855.62.TOAST [email protected]

When you think about brands that run successful customer engagement campaigns on social media, do you include any Consumer Packaged Goods in that group? They have been at the forefront of marketing since the beginning, but it seems that some CPGs have been dragging their feet in the shift towards social media channels. But how can you blame them?

How Can Consumer Packaged Goods Brands Make the Most of Social Media?

When you think about brands that run successful customer engagement campaigns on social media, do you include any Consumer Packaged Goods in that group? They have been at the forefront of marketing since the beginning, but it seems that some CPGs have been dragging their feet in the shift towards social media channels.

But how can you blame them? So much of the publicity generated through social media turns out to be falsified. Just last month, a Mississippi woman took to social media to accuse KFC employees of asking her three-year-old granddaughter to leave the establishment because her facial scarring from a recent accident was disturbing patrons. The story quickly went viral and social media users demanded a boycott of KFC. After the company apologized and offered $30K for medical bills, the validity of the story was brought into question as there is no evidence that the incident took place. The ordeal has become an expensive and seemingly uncontrollable fire to quell, as social media users have quickly and vocally taken sides.

So, what should CPGs do to get involved in the conversation but avoid getting swallowed in a fire?

This study by Accenture does a great job of analyzing effective social media tactics for CPGs. Accenture studied social media strategies of 80 CPG brands. Some were highly active in social media, like Amazon, Coca Cola, and Nike, but others weren’t so active. Here are some key points every CPG brand should consider:

  1. It is far better to enter the conversation, whether positive or negative, than allow it to go unaddressed. CPG brands generate much more activity on social channels than they anticipate. By remaining quiet, CPGs miss out on a highly profitable opportunity to improve products and customer service, increase sales, and lock in loyal customers.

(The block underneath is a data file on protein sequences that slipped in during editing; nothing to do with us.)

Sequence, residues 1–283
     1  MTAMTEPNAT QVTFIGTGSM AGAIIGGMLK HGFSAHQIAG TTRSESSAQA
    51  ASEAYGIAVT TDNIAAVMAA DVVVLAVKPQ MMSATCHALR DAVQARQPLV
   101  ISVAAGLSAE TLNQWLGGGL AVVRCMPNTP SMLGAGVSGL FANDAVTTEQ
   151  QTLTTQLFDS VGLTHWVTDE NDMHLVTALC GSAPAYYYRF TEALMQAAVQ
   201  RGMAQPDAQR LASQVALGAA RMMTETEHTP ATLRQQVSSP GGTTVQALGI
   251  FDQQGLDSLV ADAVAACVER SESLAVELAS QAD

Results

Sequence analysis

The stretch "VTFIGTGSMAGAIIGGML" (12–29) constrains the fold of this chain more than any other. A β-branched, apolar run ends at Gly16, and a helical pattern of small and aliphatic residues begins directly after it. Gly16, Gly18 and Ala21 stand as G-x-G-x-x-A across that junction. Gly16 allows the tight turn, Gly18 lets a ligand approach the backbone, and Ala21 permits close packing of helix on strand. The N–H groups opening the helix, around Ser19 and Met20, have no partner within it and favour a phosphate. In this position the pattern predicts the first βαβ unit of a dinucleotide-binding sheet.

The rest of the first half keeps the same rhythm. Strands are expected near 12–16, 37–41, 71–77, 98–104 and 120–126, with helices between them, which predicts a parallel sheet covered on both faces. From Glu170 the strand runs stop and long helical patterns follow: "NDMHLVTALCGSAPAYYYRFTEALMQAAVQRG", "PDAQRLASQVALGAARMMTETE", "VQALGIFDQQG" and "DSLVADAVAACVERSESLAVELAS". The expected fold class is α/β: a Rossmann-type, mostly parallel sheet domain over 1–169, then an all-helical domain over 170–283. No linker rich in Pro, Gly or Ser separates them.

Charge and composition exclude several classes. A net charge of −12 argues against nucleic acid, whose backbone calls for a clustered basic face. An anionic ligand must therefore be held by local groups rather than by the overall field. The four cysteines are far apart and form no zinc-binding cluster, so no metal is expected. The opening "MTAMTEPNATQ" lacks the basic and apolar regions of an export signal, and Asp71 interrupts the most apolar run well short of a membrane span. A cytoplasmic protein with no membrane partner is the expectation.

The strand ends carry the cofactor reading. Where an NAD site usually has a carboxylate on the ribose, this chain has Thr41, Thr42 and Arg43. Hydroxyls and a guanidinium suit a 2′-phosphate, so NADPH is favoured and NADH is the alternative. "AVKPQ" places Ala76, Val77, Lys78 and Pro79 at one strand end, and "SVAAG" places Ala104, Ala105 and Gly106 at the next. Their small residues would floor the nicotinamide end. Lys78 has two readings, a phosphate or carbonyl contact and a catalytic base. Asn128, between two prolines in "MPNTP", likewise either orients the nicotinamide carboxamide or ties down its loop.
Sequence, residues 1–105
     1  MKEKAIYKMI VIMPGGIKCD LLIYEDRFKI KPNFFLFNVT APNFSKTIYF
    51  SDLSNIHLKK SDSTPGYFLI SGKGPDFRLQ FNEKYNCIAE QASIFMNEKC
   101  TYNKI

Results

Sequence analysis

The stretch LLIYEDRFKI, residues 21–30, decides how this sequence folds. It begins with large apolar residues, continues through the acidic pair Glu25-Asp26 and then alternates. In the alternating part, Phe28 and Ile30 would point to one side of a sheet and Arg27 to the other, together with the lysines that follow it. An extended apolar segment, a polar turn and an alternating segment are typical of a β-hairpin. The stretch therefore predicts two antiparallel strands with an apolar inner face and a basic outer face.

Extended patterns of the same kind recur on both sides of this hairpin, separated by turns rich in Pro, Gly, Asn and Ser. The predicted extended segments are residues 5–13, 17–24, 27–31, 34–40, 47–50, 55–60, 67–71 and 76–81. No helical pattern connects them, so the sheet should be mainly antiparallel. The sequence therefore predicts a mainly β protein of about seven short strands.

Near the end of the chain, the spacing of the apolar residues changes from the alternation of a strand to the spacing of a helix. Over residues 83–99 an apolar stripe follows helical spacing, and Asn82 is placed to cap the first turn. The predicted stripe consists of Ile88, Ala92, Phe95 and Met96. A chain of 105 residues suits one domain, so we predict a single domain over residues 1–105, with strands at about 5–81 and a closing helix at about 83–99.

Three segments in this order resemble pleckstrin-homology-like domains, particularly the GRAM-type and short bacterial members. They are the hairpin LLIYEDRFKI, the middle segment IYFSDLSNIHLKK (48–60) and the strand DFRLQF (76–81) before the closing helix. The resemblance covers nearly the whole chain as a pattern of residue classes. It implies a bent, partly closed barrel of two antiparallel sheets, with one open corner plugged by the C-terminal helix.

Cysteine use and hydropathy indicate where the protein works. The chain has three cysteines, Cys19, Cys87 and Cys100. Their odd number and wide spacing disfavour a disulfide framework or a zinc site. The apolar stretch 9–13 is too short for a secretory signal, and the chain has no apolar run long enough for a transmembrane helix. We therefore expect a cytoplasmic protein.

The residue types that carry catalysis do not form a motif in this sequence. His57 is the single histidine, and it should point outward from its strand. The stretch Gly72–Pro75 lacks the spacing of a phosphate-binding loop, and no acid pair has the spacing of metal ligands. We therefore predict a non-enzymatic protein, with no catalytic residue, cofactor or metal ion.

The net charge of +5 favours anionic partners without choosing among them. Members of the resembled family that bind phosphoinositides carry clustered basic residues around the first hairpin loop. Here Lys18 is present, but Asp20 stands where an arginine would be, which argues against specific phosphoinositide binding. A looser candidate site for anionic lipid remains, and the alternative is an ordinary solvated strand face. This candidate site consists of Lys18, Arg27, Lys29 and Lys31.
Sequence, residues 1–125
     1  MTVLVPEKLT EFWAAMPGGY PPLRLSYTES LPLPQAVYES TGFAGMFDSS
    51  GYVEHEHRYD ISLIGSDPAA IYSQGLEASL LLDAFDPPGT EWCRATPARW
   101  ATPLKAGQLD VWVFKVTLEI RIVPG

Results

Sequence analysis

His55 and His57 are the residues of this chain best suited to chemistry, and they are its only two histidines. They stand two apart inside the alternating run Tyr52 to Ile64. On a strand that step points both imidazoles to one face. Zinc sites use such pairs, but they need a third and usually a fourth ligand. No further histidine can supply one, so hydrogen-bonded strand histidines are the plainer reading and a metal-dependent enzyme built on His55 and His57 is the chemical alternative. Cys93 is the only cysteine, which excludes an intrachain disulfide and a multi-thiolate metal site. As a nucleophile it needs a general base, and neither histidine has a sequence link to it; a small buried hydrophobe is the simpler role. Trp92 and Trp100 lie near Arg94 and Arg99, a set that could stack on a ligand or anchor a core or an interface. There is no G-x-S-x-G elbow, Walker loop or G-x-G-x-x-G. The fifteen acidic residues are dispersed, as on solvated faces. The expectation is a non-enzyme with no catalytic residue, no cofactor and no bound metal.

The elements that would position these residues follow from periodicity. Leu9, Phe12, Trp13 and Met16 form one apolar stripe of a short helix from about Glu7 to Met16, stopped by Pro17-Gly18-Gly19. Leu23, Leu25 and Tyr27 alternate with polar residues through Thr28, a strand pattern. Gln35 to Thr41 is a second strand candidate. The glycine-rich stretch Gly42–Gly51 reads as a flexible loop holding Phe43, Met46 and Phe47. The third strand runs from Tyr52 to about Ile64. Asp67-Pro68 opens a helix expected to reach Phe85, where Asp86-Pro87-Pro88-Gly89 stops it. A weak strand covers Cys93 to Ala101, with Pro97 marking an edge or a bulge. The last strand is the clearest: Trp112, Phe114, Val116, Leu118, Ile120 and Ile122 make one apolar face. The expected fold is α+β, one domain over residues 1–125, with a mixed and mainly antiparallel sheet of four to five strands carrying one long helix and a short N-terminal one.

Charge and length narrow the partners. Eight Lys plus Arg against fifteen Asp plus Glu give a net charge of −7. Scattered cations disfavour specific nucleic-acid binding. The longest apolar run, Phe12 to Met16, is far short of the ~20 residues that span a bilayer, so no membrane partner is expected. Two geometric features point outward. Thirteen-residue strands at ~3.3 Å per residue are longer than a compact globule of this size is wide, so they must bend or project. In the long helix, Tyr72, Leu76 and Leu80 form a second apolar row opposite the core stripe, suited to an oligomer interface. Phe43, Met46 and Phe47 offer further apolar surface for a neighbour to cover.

2. Brands who devote time and effort towards identifying and engaging their most loyal customers are much better equipped to deal with negative sentiment on social channels. Cisco, for example, launched the Cisco SuperFans program, which transforms loyal customers into brand ambassadors. These SuperFans create a sense of community around Cisco, and share the positive experiences that they have had with the brand. They are quick to defend the brand in the face of negative comments and reviews. Cisco spotlights these fans to foster friendship and trust between the company and its customers.
  3. If brands do not develop an intensive and clear social strategy prior to launch, their efforts will fall flat or backfire. Brands can activate and monetize their customers and fans through social media marketing campaigns that offer coupons and other rewards for interaction; however, brands must be able to follow through on these promises immediately or they will face very vocal negative feedback.
  4. When using social media, brands are more successful when they take into account the shift in channels through which they reach customers. Rather than focusing on things like shelf placement which were important in the past, brands would be wise to consider placement on a retailer’s Facebook page or email marketing content instead.
  5. For social media campaigns to achieve optimal results, they should exist hand-in-hand with other necessary marketing and promotional strategies. Social media should be used as a tool, not as an end in itself.

What do you think about the open dialogue that social media creates for CPG brands? How should brands approach activating and monetizing their online presence?